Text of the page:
Ah well, Doc Strange is here to stay; and as this is the first time that Marvel have really disappointed me, I’ll be staying too.

What’s up next?  Is it the second Guardians of the Galaxy?

I’ll have a bit of that!









Author: Charley Brady

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  1. Well I’ll be damned I was expecting to come on here to read your review and to endure yet another gushing love in with a Marvel superhero movie, but I’m aghast Charley actually dislikes Doctor Strange and pretty much summed up everything I despised about it.

    To be honest Charley I think I’ve just about had my fill with these types of movies, the plot seems to be just a filler for the CGI guys to let us know how wonderfully clever they are, CGI when done right and in moderation can actually enhance a movie but its just become “overkill”, and it seems the villain is getting even lamer with every outing from Marvel?.

    The only thing that made me actually watch this borefest to its conclusion is I could stare at the beautiful Rachel McAdams all day long and behind that pretty face is a really competent actress.

  2. That opening paragraph really had me laughing. Yeah, I guess I do come across as a bit ‘cup-of-fanboy-love-overfloweth’ when I rave on about these films. But I gotta tell you, Patrick, we seem to be in the minority when it coomes to hating this movie.

    Still, I confidently expect to be back to my gushing self with the next in the series — as long as ‘Guardians of the Galaxy Vol.2’ can live up to the marvelous original.

    And I completley agree with you about the divine Ms. McAdams. Smarmy Benedict Strange throwing this gorgous lady over was just one more reason to hate him.

    Not that I needed another reason.

  3. I think the critics gushing over it has exaggerated the ratings, but at least we’re in agreement as regards Guardians loved the original, but why do I get that horrible feeling the next installment will be a damp squib, hope I’m wrong?.

  4. I enjoyed it; Strange had a good arc in that he becomes more selfless and willing to care. It culminates in the final fight with Dormammu; whereas before he would do certain surgeries for fear of failing and hurting his record now he’s willing to die in obscurity and failure to stop Dormammu. He also made amends to Rachel McAdams and becomes more likable as time passes. I agree there should have been more a sense of time passing (like how the past sections take place in 2011 when Iron Man 2 took place and the current day is 2016.)

    I did find him devilishly charming though and the magic was VERY well done.

  5. It only took him about a week to find redemption. And he would have had to grovel to the divine Ms. Adams for the rest of Eternity to make up for the lousy way he treated her.

    Mind you, one scene in that film that makes me laugh even now — when he’s doing something in the foreground and his Cloak of Levitation is battering the hell out of someone in the background. And is it my imagination or did JK Rowling lift a lot of gimmicks from Strange?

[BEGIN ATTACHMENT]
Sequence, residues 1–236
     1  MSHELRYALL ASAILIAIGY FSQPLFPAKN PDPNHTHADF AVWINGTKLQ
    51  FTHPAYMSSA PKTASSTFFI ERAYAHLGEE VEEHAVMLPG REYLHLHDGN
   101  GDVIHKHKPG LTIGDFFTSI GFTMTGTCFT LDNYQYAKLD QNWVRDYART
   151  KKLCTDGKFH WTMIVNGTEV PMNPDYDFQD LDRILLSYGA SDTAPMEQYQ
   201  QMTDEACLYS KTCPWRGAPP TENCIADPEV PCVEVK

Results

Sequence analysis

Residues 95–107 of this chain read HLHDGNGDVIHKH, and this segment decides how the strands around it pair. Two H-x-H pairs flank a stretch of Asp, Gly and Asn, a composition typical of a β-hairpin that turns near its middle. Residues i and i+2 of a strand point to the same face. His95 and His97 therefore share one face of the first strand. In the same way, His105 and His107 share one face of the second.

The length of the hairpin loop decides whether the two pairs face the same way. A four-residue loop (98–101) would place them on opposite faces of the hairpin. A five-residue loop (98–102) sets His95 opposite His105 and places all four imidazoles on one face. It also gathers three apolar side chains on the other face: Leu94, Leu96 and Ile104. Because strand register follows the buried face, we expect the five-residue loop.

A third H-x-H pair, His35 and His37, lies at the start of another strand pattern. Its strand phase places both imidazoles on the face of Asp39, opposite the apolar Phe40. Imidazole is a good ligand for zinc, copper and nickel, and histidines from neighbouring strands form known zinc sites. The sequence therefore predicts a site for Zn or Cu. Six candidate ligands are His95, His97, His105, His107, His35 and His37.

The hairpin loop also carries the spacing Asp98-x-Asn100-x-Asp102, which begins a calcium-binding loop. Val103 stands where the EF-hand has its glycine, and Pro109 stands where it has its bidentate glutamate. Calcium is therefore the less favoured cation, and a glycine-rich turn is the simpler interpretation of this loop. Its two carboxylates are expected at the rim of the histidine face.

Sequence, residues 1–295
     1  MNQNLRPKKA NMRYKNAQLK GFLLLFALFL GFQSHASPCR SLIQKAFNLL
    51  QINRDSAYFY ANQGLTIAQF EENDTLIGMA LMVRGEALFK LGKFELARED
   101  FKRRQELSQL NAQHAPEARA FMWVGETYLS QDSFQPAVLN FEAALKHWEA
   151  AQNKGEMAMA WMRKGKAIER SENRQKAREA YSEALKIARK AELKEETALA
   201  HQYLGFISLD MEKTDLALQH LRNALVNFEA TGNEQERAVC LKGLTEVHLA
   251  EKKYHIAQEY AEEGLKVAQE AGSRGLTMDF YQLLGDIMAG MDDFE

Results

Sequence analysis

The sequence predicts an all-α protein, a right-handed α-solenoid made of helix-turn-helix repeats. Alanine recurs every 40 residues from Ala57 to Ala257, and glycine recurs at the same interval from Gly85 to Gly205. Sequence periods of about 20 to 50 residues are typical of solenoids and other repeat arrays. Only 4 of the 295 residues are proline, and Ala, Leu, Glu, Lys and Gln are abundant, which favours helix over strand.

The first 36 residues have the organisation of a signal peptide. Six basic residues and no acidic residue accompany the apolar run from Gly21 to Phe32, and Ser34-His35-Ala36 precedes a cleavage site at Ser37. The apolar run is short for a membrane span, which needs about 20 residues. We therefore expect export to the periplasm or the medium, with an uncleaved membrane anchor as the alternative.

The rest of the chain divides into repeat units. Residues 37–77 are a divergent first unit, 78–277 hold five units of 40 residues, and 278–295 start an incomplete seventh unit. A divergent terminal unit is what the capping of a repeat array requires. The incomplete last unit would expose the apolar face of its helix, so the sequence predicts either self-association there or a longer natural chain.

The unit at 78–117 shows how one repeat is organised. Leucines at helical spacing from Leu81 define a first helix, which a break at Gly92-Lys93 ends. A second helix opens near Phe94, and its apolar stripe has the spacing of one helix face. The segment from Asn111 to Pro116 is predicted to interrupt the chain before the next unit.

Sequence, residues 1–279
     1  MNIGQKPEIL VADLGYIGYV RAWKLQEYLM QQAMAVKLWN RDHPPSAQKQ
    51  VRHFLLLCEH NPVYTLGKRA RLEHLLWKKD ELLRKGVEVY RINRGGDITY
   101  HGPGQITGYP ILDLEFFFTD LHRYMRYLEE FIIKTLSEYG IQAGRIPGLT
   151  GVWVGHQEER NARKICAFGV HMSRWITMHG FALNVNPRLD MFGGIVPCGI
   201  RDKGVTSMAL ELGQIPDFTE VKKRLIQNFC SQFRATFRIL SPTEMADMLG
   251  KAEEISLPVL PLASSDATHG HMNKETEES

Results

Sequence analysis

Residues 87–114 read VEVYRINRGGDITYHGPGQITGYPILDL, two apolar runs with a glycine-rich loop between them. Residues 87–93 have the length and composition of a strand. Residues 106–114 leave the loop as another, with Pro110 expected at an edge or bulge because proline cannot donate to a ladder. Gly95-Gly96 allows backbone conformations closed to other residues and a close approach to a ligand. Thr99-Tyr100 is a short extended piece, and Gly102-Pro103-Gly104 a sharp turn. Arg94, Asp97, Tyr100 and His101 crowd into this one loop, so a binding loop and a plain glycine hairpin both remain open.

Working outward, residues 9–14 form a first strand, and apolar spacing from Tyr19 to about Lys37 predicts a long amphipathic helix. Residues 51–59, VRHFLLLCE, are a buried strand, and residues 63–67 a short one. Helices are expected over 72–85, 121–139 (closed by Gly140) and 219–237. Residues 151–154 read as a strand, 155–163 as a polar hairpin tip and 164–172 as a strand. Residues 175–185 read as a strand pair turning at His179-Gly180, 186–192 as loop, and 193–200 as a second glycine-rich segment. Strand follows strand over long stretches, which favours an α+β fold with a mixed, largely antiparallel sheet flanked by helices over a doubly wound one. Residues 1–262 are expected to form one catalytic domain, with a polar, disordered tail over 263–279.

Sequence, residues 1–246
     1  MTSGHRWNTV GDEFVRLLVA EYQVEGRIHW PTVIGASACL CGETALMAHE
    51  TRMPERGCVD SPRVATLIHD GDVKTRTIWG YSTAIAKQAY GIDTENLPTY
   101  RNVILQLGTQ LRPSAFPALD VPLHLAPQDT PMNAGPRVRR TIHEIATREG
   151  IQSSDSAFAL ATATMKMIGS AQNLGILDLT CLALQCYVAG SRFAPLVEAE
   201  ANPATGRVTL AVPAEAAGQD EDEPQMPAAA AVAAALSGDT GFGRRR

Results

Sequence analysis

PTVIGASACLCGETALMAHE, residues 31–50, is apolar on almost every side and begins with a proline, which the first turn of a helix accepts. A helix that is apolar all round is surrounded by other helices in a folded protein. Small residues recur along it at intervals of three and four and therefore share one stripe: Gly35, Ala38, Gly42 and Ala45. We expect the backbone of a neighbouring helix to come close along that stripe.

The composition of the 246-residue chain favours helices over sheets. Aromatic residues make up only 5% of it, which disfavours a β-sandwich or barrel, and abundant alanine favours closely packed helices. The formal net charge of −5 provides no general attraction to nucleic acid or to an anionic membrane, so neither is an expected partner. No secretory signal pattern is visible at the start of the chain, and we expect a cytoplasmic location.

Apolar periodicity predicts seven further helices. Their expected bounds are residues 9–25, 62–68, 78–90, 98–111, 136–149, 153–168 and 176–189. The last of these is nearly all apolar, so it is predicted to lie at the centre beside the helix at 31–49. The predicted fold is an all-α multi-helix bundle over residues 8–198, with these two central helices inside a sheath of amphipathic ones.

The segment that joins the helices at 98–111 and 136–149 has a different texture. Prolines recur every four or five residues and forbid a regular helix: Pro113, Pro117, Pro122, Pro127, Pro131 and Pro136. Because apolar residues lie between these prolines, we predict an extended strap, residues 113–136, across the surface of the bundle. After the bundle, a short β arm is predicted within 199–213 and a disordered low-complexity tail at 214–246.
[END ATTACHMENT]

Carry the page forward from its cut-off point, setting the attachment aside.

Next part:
The climactic battle…whooo, just made me think of a far better movie — ‘Edge of Darkness’ with Tom Cruise.

    As to devilishly charming people: Bill Clinton and Obama are that and I wouldn’t trust them as far as I could throw them. Come to think of it, actress Joan Collins had the best take on creepy Obama: ‘Whatever you think of him, he does have wonderful teeth.’

    Yep. That’s about right.

    When I get a chance, I’m doing something on ‘Split’, which I saw last night. Yowza! Blew me away, that one did!

  6. I think that it was more than a week. More like months. And it was explained by him remembering everything he’d read
    I enjoyed it a great deal though. The way he beat Dormammu was clever. Powerful as he is he has no concept of time and doesn’t like frustration, so I can see Strange outplaying the fucker

  7. I think that it was more than a week. More like months. And it was explained by him remembering everything he’d read
    I enjoyed it a great deal though. The way he beat Dormammu was clever. Powerful as he is he has no concept of time and doesn’t like frustration, so I can see Strange outplaying the fucker

  8. That’s just that thing called ‘sarcasm’, Ryan (which I really ought to stop). I know that it was months but it just didn’t feel that way.

    Anyway, as I’ve said many times, one of the things that I love about movies – and Art in general – is that I’ll see one thing and you’ll see another, out of the very same thing. Part of the fun. What’s the betting that you don’t like ‘Split’ whilst I’m raving about it.

    It’s a great many years since I read a ‘Strange’ comic — I mean, I’ve read a lot of strange ones, but…); but I recall an astonishing, multi-issue story arc from the 70s. Allowing for the flaws of a brain that saw too much booze down the decades, I recall it had the Baron — I THINK he was in the guise of something called Sis-eneg — travelling back through Time as he gathers ultimate power to himself.

    Pursued by Strange, he goes through places like Sodom & Gommorah and even back to Adam and Eve. I may have some of the details wrong but it was way out there for it’s time and I believe it got into trouble with some Christian groups.

    In any case, the sorceror becomes God Itself and Creation begins again.

    Now THAT is something I would like to see on film – not chasing around Buffy-style after an ancient tome…